As repeatedly mentioned in most of my “learning to write” journal entries, I did not learn to write essays as a child. Most of my writing experiences come from writing “statement of purpose” for graduate school, or writing my essays during graduate school. However, I must say that I made up for most of my life’s writing during graduate school!
Back in 2008, when I was applying for graduate school, I did not quite understand the process of writing and was quite frustrated by the multiple drafts I had to share with my father during the application process. Needless to say, my essays in 2008 were never reflective, and I did not secure admission in any of the school I applied to.
When I came to the US and started working, my first experience with writing was writing emails to colleagues and peers, and since Facebook and Twitter were new technologies, I had to learn this entirely new genre of writing short messages. Well, I am still in the process of learning the “precise writing” genre. During my work at Harvard Kennedy School, I read some of the essays of students who applied for fellowships, and it was then I realized the importance of drafting in writing, and that there is no easy way to write my essays. So, when I applied to graduate school the second time in 2015, I honestly put my heart and mind into writing my statements of purpose, focused on producing multiple drafts and getting reviewers to read each draft.
Accordingly, my graduate school essays were pretty comprehensive and reflective. During the drafting process for my admission essays, my first step to writing was reading the prompt of the piece. The general format was to talk about my journey to graduate school, but depending on the prompt, I had to decide on what experience to focus on in the first few paragraphs. So generally, my drafting process was to write my introduction in the opening paragraphs and write about individual work experiences based on relevance in the following sections. My final paragraph generally had a conclusion that showed how I would fit the bill for as a graduate school candidate in that school. I remember going through at least 20 to 25 drafts of each essay over many days, reading and re-reading them, checking for mistakes and better vocabulary, and sharing it with someone who would be able to give me critical feedback.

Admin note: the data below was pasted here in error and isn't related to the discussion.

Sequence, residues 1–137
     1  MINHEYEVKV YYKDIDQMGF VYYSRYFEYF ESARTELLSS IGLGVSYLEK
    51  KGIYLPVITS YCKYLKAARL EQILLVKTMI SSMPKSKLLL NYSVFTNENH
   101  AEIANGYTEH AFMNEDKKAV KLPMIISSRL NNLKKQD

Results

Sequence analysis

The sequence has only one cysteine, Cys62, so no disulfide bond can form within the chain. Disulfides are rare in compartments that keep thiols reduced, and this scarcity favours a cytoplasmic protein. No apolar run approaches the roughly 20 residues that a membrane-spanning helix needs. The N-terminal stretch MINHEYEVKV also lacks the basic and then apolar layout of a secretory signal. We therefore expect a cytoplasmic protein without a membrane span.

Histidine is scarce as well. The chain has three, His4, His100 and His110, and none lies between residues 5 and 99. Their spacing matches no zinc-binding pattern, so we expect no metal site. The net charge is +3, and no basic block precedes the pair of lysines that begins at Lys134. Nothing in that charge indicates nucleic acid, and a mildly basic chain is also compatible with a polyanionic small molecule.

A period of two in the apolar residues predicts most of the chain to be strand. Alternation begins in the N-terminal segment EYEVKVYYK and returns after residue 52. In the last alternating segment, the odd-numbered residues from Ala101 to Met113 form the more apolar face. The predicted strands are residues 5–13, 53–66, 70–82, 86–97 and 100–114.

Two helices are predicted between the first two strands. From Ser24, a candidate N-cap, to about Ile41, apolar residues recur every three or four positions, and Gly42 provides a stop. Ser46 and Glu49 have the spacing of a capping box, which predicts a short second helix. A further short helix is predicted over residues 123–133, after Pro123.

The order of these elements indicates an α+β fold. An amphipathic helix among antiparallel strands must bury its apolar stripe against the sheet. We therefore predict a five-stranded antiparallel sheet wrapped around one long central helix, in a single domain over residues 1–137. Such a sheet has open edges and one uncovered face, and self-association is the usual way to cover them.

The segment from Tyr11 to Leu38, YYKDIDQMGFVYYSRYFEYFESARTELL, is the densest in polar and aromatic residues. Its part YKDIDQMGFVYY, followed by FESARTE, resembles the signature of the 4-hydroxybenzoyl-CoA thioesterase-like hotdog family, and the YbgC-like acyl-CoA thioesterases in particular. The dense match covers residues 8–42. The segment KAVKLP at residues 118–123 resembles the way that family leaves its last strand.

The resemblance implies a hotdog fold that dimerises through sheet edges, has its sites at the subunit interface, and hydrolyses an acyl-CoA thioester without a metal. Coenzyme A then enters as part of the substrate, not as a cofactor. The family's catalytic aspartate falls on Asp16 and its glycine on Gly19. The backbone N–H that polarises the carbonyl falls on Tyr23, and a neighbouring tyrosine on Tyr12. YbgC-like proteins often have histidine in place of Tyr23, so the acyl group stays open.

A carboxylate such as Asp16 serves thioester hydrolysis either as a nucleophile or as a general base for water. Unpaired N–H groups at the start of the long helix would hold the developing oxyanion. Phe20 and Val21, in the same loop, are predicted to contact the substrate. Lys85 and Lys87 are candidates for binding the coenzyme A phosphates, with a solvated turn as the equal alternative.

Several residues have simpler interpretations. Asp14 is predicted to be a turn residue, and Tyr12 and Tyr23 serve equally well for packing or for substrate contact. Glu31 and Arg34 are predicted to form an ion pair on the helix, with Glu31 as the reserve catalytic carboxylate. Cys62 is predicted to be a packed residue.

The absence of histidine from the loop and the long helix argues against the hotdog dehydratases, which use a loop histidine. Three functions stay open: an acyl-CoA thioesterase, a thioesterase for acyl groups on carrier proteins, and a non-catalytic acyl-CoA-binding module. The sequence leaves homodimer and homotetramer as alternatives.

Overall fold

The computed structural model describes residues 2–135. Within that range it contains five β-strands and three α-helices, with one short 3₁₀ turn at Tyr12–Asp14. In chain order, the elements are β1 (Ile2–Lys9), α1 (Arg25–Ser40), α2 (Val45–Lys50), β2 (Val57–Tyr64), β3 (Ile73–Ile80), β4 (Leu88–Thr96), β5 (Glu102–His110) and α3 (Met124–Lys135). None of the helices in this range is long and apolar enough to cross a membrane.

During graduate school, however, my process of drafting was slightly different. Once I came up with an idea on a particular topic, I would start with giving my article a title as the first step. This title would help me think about the body of the essay, the theme and geographical location that I would be focusing on. Then, I would start my research to see what kind of research was out there. During my reading and research process, I would write some sentences from articles that I found appealing and provide citations to those articles (so that I do not lose track of where I saw that sentence). With a few sentences in one of my initial drafts and an idea of available research, my next step would be to give my paper subheadings to make sure I have the flow and to focus on particular areas of the broader topics under each sub-heading. Once I populated each of the subtitles, I would write the introduction and the conclusion, and the opening would also include a blurb about the flow of the essay for the reader. Finally, I would read and make corrections to it, and give the article a final title. Although I would have preferred for reviewers to review my articles, owing to the number of essays we students had to write on a weekly basis, getting suitable reviewers for each of those articles was hard.
The most common thread among the different methods of drafting is actually listing the ideas. This list of ideas serves as a starting point to some, or it gives writers a general feel of the essay to others. The critical difference in these approaches is the relationship the writer has with their writing. How the writer feels about their draft in many cases provides a purpose and the direction for the essay, and ultimately determines the take-home lessons of the composition.
According to me, writing and drafting are not mutually exclusive, and at times can be used synonymously. Although drafting can mean that the end-product of the article is not ready yet, writing can encompass all the steps from the start to all producing a final piece. I do not think one can write an essay without drafting, neither can one draft without writing. So, for all the people who are learning to write, focus on the quality of every single draft to get produce a final compelling article.